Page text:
20 years ago, I was the first in-house curator for the Microsoft Corporation, tasked with curating and professionalizing their art collection. Previously, a volunteer group of employees with little art expertise managed the 4,500 works based solely on personal preferences.
My mission there was to identify undervalued artists who were not yet in the spotlight, but whose body of work had already earned them a strong reputation. The acquisitions were also international. My list included Daniel Buren; Joan Mitchell; Julian Opie; Peter Schuyff and Robert Bechtle. One of my early acquisitions, a Roger Brown piece bought for $5,000.00 at a Sothebys auction in Los Angeles, exemplified the investment potential as its value now reaches $300K.
A native of Alabama, Roger Brown was educated at the School of the Art Institute of Chicago. His move to Chicago led him to became one of the New Imagists, a kind of offshoot of Pop art and Chicago style: very personal, emotional and politically aware, at a time when the social and economic structure of this country were assaulted, examined, and debated. Riots and demonstrations were the order of the day and made their way onto the canvases of Roger Brown and his peers including such artists as Jim Nutt, Ed Paschke, Gladys Nilsson, Christina Ramberg and Karl Wirsum.
Brown’s painting style is a unique amalgam of modernity side by side with folk art. His subject matter can be rural—clouds, fields, weather patterns—or it can be urban—pedestrians and apartments—figuratively documenting the days and nights of the people of this rather young Republic. I was immediately drawn to his work because of the simplicity and elegance of his astute social commentary: like with a good stand-up comic, you get the joke quickly and it
In Chicago and in New York he was promoted by dealer Phyllis Kind, a brilliant blonde from the Bronx who represented his work along with Outsider artists. She was described in the New York Times as a combative, visionary art dealer who championed a group of young artists first called the Hairy Who, and later called the Chicago Imagists, as well as major Outsider artists. As the Imagists rejected the ideas behind minimalism and conceptualism of the 60s, they instead turned to a figurative style to create art that was sometimes violent and often satirical as explained on the Smithsonian’s website. Kind helped expand the narrative of 20th-century art, adding Alison Saar, Robert Colescott, William N. Copley, Gillian Jagger and Mark Greenwold to the roster of her ground floor Greene St. gallery space which opened in the 80s and closed in 2009.
In 1984, two decades into his career, Brown worked with Styria Press to publish a facsimile edition of his own sketchbook: 50 works in total, it shows not only the various themes he explored, but also his evolving technique for making a picture. Black and white only, yet texture, density and environment are explored. To identify location or theme, he might use repetition as a means to set the stage or suggested changes of scale, whether he is addressing a landscape or cityscape or a figure. In the pages of the sketchbook, one finds the extremes of his vision and the variants of his imagination: a rocket ship titled Cathedral, or the figure of man casting a spell on nature, a tree.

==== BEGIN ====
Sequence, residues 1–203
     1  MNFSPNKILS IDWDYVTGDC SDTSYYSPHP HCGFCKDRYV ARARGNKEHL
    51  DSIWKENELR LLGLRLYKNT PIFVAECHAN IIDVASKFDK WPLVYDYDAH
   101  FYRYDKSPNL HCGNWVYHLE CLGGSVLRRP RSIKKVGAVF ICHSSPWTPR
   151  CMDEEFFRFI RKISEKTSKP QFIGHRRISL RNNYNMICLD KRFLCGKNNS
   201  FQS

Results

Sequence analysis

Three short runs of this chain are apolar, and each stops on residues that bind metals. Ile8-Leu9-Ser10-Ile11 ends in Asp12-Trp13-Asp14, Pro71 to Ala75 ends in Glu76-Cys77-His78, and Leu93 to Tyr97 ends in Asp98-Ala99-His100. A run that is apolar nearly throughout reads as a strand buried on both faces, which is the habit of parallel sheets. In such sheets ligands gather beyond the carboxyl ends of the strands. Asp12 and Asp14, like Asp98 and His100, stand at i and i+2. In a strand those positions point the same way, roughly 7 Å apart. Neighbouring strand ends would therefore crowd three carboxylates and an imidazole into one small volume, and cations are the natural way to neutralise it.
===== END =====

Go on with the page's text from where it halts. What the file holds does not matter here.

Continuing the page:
If the Whitney Museum’s 2022 exhibition, Edward Hopper’s New York, tells us about the skyline and life in the city–people in a Chinese restaurant, a diner, the interior of a theater, and then the New England coast—it is certainly time for a Brown exhibition that brings into focus the architecture of Chicago and its nearby countryside: the rural farm fields, track homes in the suburbs, and the great weather patterns that criss cross the Mid West.
Both artists represent America, but for Hopper, it is a naturalist style drawn from the Ash Can School while Brown is an innovator, improvising colors and forms like Stuart Davis. Two prime examples of Brown are pictures presented by the Aaron Galleries: Renaissance in Reverse from the 80s and Looks Like Rain from the 70s.
The first is a multi-layered urban scene where figures in silhouette populate buildings, and house characters in a play living out lives in the most modern of structures, the skyscraper . Contemporaries of Brown, like the late Wayne Thiebaud and Robert Moskowitz, address similar themes. Thiebaud focuses on San Francisco, Moskowitz on Manhattan, with all three men seemingly smitten by the architecture that surrounds them. (What a great show that might be: Brown, Moskowitz and Thiebaud! )
In the second, distant lightning appears in the sky, a train is coming. The foreground is a map of yellow fields, symmetrical and repetitive and, in the center, our two protagonists awaiting the coming storm. What is most remarkable about Brown as a painter is that, while his topic is modern life, his style looks back to the pre-Renaissance, to paintings in which the world is represented as flattened space and in deeply rich colors, as in works by the artists of the SieneseI school in 14th century Italy. He takes from that somewhat naive style and reinvents it in contemporary terms. Ironically, Brown’s works are contemplative of these early religious pictures, seeing humanity humbled by nature and its own plotting. Maybe the most attractive aspect of his work is its strong humanism buffered by great skill.
A Brown retrospective is long overdue and perhaps the place for it is the Metropolitan Museum of Art in New York. Having already presented Alice Neel and her world of friends relatives, and associates, it seems that the next survey should focus on a place and its surroundings…what better place than Chicago, introduced with pictures by Roger Brown?